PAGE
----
In these Radiowaves-exclusive articles, legendary presenter Pat Courtenay shares his views, ideas, experience, and tips with our visitors…

In this week’s column he talks about working on Christmas Day


I always insist on working on Christmas Day…and don’t tell me no one’s listening to the Radio! As a career Breakfast Jock who’s spent half his life looking at the blurry side of 6:00 a.m., I know there’s always someone who’s glad you’re there. I must admit I prefer to do the Morning Show rather than Breakfast at Christmas for two reasons: health (remember you have to get Partied-up on Christmas Eve) and audience attention.

Early on Christmas morning can be tricky, what with new CDs to be played, Playstation games to be clocked and general carnage in the house; but around 9:00, someone’s usually insisting on some “normal” behaviour.

Format does make a difference. If you’re on a station that has parents listening, it’s easy – in fact you’re better going into a mad pre-recording frenzy on the phones and montage-ing kids’ calls, simply because they can get repetitive. The big thing there, though, is to get the folks on, and on Christmas morning it’s pretty easy; you know what it’s like with a hangover – you’ll talk to anyone! Then, as soon as you get one or two on, they start queuing up to tell you how rat-arsed they got last night, how they’ve started again or how they haven’t stopped yet.

If you want to stay away from the formulaic Christmas phone-in thing, how ’bout borrowing a friend’s talkative child? I once borrowed a colleague’s daughter and we opened all her presents in the studio at Breakfast time. (She’d come down to find presents for her sister and a treasure hunt set up for her which led her to the conclusion that she had to phone me at the Station. Then I told her, “I thought all these presents were mine,” and got told in no uncertain terms to touch nothing until she got there!) If you’ve chosen a talented chiseller you can even get them taking phone-ins.

How about talking to a teacher or two? Pre-record them around break-up time, promise them anonymity and let ’em rip on the subject of how happy they are to see the back of the little shites for a few weeks.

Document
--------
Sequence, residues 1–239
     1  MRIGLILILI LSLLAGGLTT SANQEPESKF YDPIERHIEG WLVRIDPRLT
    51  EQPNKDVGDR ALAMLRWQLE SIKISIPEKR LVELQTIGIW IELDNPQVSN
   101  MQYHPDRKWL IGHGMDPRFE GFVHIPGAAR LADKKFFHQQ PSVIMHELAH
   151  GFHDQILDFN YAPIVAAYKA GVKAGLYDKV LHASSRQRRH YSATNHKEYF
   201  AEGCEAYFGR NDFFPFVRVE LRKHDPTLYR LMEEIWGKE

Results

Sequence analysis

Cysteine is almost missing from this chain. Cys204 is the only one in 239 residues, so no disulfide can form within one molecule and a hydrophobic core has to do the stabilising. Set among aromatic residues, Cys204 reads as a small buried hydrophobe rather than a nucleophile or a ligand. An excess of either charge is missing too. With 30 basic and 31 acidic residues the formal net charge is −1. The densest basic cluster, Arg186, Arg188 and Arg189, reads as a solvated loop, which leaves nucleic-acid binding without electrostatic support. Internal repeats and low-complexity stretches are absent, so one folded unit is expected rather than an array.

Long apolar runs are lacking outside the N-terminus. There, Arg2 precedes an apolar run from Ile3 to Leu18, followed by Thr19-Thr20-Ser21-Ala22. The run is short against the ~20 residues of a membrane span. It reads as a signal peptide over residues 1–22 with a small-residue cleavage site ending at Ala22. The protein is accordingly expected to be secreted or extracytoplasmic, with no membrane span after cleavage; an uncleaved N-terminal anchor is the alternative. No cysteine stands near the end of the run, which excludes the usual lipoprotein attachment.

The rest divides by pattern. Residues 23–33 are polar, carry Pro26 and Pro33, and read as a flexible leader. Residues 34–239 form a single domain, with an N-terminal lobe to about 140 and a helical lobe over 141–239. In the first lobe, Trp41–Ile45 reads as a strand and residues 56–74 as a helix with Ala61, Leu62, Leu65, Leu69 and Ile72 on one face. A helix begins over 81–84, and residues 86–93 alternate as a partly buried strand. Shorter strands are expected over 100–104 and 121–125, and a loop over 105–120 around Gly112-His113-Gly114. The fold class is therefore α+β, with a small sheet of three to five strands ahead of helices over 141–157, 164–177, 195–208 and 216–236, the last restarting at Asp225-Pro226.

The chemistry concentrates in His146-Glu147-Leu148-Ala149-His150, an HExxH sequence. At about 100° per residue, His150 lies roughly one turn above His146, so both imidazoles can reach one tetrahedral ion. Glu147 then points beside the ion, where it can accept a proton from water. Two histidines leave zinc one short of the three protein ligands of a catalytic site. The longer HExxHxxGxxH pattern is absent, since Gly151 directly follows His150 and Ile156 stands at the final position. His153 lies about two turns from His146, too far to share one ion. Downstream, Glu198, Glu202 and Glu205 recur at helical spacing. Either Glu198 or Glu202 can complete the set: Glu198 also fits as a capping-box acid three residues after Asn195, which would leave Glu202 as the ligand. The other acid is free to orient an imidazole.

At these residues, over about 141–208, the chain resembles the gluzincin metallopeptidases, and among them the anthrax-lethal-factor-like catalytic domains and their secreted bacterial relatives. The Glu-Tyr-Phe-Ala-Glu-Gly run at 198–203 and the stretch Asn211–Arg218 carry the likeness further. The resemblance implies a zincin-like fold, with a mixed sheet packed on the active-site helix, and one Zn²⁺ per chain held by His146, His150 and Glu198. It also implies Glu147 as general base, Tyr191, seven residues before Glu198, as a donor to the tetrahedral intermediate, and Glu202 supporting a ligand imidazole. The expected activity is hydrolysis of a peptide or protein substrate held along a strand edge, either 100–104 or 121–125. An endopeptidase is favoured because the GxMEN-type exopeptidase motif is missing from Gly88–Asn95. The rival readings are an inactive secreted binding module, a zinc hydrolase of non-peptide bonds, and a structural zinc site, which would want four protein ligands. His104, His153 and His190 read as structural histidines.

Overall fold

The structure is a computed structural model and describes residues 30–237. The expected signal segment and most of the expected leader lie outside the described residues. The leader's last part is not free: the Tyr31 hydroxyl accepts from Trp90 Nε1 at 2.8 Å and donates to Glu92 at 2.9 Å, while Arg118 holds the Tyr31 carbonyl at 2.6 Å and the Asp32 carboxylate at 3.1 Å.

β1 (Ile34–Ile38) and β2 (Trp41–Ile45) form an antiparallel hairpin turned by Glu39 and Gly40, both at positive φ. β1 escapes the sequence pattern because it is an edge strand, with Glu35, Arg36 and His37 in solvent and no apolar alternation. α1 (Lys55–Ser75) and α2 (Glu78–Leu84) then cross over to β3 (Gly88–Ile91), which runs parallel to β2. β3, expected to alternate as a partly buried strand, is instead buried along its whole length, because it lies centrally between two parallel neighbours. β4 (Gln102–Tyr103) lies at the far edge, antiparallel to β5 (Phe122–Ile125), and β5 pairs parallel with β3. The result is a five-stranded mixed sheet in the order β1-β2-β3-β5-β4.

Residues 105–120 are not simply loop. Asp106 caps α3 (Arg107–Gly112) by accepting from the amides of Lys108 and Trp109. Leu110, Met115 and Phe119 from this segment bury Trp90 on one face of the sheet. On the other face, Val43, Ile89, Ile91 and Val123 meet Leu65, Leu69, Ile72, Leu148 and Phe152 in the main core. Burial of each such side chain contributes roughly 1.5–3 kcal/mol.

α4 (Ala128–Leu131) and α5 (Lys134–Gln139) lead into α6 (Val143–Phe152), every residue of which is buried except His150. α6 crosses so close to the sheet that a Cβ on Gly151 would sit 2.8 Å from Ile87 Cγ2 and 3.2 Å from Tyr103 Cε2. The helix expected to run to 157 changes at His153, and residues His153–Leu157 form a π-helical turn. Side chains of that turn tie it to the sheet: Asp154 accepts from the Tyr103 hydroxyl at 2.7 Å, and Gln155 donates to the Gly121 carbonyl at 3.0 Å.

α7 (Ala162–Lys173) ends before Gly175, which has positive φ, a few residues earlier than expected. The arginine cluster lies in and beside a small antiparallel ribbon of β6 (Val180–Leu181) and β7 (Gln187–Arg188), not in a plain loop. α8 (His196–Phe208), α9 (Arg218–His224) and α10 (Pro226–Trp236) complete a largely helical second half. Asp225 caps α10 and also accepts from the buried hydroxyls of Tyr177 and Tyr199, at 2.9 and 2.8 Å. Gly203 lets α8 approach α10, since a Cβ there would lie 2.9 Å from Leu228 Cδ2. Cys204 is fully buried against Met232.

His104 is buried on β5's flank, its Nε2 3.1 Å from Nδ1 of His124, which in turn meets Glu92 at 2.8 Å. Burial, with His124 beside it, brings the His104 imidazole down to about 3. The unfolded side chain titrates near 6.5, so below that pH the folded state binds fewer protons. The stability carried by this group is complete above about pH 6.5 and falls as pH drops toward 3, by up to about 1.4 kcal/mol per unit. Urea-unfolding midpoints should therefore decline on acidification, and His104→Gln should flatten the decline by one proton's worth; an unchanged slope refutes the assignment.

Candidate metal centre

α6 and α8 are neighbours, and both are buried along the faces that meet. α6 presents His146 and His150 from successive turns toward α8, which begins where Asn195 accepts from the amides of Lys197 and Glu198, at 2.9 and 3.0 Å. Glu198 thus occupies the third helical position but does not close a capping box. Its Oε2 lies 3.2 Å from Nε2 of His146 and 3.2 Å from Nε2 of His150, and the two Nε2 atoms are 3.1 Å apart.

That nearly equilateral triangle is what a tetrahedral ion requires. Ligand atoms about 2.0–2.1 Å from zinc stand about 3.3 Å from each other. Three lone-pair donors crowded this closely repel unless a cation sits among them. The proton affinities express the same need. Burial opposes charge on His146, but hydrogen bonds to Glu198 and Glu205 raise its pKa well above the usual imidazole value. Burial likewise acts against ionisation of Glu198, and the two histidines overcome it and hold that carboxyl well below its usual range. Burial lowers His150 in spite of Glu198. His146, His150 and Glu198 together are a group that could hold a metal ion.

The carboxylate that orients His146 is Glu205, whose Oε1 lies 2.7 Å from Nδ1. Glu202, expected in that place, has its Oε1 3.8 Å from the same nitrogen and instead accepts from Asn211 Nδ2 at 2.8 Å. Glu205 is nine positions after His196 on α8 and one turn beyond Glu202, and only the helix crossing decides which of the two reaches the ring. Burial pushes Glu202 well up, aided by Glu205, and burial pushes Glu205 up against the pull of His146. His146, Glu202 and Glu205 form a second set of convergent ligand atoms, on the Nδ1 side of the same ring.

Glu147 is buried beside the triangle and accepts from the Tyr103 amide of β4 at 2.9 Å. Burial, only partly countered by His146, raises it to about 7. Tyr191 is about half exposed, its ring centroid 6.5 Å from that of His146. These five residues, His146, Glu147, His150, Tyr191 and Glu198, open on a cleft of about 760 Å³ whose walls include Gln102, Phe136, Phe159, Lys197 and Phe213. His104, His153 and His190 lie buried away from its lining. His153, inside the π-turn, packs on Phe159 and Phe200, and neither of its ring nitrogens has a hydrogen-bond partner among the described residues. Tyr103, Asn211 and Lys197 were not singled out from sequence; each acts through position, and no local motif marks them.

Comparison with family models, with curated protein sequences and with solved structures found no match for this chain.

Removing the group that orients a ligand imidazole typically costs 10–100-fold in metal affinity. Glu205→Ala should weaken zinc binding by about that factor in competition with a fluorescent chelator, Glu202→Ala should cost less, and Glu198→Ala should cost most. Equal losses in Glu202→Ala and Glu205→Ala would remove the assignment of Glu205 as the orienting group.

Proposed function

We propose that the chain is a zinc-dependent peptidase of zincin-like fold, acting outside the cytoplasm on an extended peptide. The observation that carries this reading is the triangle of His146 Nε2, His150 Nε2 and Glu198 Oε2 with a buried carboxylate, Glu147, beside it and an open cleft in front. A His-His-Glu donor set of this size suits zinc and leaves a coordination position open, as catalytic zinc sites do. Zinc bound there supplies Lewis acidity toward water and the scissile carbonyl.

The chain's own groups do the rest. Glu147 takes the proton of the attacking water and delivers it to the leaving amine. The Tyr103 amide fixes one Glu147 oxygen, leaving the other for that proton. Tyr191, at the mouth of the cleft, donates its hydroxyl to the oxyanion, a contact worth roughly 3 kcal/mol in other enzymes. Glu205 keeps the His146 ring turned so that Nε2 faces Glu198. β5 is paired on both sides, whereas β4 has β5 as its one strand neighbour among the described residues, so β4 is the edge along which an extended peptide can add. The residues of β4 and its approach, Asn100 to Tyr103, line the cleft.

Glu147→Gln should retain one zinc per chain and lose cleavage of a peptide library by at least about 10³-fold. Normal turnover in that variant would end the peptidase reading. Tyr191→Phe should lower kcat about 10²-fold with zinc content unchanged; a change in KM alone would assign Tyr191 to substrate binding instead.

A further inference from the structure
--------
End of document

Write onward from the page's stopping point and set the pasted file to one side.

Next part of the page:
Dance stations? No problem. You and your audience almost guaranteeably share the same music tastes so get them on the phone, rate this CD versus that CD, Playstation and PC games: maybe set up a competition with a couple of punters to see who can get the furthest with the year’s most popular game by the time you knock off…and keep the music pumpin’.

Use your regulars. They might give you a pain in the Santa Sack the rest of the year, but they always have something to say, in their own mind they have Star Status and at Christmas and New Year they will definitely have something cool to say about you and your Station.

If you’ve got budget, phone Radio Stations around the planet and don’t think small! The bigger the outfit you call, the more likely you are to get someone who’s performer enough to want to take your call – it’s the little guys who think little: amongst others, I’ve had Scott Shannon and Rick Dees. Remember too, you’re calling from Ireland! They want you to call. Don’t forget to talk to them about them, too; not just about Christmas. Remember to set this up in advance.
(Speaking of setting things up ahead of time, why not record a real Christmas party this year to use as a backdrop to next year’s Christmas Show?)

Put your parents on to talk about you as a kid.

And if all else fails, the cheap and cheerful way to do it is to bring a few of the troops in to have a Christmas morning piss-up in the studio with you! Someone has to keep it under control but it’s great craic.

Have a wonderful Christmas on and off the Radio.

You’re living in the Par-tay Capital of the Universe, so tap in to it!

Next: Happy New Year